Now, Mr. Groce, I send all probation violators to prison. If you decide to commit an act that causes you to be found in violation of your probation, and you've been found in violation before and you had some really nice judges who didn't violate you, send you to prison, well, in this court the story's changed.  You violate, you're going to prison, okay?  I got 11 years over your head that I will run wild if you come back here as a probation violator.  No, I got more than that.  12 years, 11 months.  You come back as a probation violator, I'm going to run it wild. You're going to do every day.

 And that's exactly what happened:  eleven months later, Groce tested positive for cocaine.  The judge found him to be a violator and imposed a 12-year, 11-month sentence.  And in State v. Groce, the court reverses.

A probation violation hearing isn't tantamount to a trial - hearsay evidence, for example, is admissible - but there are still some due process requirements.  Two of them are that the hearing must be conducted by a "neutral and detached hearing body," and there must be "an explanation by the hearing body of the evidence relied on and the reasons for revoking probation."  The panel concludes that both were violated:  the judge wasn't "neutral and detached" because she relied on her policy, and didn't "adequately explain the reasoning for her decision to revoke Groce's community control."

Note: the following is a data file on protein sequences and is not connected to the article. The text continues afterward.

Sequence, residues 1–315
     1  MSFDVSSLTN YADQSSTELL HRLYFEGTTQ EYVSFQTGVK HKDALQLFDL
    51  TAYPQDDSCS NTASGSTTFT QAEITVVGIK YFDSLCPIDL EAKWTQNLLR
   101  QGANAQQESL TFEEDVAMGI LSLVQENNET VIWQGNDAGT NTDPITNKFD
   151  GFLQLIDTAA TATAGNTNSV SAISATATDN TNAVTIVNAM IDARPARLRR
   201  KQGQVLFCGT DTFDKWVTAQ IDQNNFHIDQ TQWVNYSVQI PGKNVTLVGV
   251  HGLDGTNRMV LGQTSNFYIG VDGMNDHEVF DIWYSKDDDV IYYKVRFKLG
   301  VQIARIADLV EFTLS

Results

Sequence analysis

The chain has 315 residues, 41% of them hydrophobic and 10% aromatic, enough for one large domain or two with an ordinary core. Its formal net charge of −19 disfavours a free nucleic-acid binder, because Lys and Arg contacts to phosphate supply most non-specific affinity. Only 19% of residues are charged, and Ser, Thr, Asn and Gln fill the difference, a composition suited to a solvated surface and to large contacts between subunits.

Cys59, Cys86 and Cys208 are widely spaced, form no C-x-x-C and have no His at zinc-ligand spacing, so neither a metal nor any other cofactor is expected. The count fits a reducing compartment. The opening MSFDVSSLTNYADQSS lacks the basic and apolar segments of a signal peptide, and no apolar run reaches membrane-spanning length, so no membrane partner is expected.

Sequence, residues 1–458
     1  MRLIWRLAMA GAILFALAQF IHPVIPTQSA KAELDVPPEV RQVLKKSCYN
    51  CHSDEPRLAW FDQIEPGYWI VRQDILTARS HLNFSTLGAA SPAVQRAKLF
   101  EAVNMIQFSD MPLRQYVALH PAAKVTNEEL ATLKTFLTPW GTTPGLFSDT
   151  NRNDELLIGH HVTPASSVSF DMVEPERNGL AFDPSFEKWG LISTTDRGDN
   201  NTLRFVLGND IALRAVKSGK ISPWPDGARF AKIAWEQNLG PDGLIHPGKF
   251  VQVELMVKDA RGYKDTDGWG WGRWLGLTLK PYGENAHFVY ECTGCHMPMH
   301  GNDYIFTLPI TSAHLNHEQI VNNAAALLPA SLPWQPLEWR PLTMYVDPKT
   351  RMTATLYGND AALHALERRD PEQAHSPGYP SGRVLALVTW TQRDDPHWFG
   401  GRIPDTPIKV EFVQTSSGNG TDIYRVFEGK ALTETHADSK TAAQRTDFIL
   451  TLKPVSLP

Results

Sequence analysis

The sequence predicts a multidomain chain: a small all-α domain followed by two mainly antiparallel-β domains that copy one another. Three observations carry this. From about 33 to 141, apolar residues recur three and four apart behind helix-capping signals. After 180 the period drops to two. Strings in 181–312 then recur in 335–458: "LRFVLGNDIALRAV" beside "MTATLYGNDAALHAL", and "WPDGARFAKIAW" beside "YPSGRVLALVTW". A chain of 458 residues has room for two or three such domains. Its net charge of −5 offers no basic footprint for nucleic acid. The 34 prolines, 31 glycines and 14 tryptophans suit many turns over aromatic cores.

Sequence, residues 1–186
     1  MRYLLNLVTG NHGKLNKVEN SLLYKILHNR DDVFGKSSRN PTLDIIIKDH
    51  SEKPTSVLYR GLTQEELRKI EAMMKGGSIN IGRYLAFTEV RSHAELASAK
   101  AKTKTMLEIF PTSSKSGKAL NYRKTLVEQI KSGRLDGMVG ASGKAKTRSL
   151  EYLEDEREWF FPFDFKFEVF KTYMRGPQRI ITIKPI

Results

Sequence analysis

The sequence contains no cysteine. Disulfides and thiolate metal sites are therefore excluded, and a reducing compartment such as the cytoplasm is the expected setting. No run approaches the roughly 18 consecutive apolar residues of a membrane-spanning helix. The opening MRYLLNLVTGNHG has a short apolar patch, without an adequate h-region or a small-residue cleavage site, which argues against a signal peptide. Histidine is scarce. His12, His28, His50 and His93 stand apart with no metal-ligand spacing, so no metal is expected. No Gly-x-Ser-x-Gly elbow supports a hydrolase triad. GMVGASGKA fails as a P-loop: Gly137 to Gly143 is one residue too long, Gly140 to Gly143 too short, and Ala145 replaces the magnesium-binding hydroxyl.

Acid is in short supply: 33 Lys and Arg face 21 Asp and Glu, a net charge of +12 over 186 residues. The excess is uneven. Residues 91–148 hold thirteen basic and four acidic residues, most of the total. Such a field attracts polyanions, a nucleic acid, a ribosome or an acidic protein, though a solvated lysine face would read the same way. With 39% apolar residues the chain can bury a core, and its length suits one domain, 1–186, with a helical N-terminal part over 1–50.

There seems to be some results-oriented decision-making at the root of this; it's only a guess, but I think the decision might have turned out differently if Groce had wound up with a six-month sentence for falling off the wagon, rather than one for thirteen years.  Citing to the US Supreme Court's decision in Gagnon v. Scarpelli, the court highlights the considerations a judge would normally make in determining the appropriate penalty for violating probation:

the overall social readjustment of the offender in the community, including consideration of such variables as the offender's relationship toward his family, his attitude toward the fulfillment of financial obligations, the extent of his cooperation with the probation officer assigned to his case, his personal associations, and -- of course -- whether there have been specific and significant violations of the conditions of the probation.

The court's decision to emphasize "significant" gives the game away; the quote is from a footnote in the opinion, and is pure dicta:  the case involved whether a defendant was entitled to assigned counsel in a probation violation hearing.

That's not to fault the result in Groce.  If someone really deserves 13 years in prison, it's hard to see why he should've been placed on probation in the first place.  Again, one comes away from Groce with the suspicion that the court wasn't troubled so much by the imposition of a prison sentence, but by its Draconian nature. 

The effect of Groce might not be as sweeping as it appears; basically, a judge can follow that policy (and believe me, numerous judges have), as long as they're not as explicit in proclaiming it.  Oddly enough, in that regard, Groce might prove counterproductive.  As I said at the top, one of the benefits of such a policy is that it lets the defendant know, in no uncertain terms, that full compliance is required.  Muddling that message could easily result in more violations than might otherwise occur.  And more prison sentences, if of a milder length.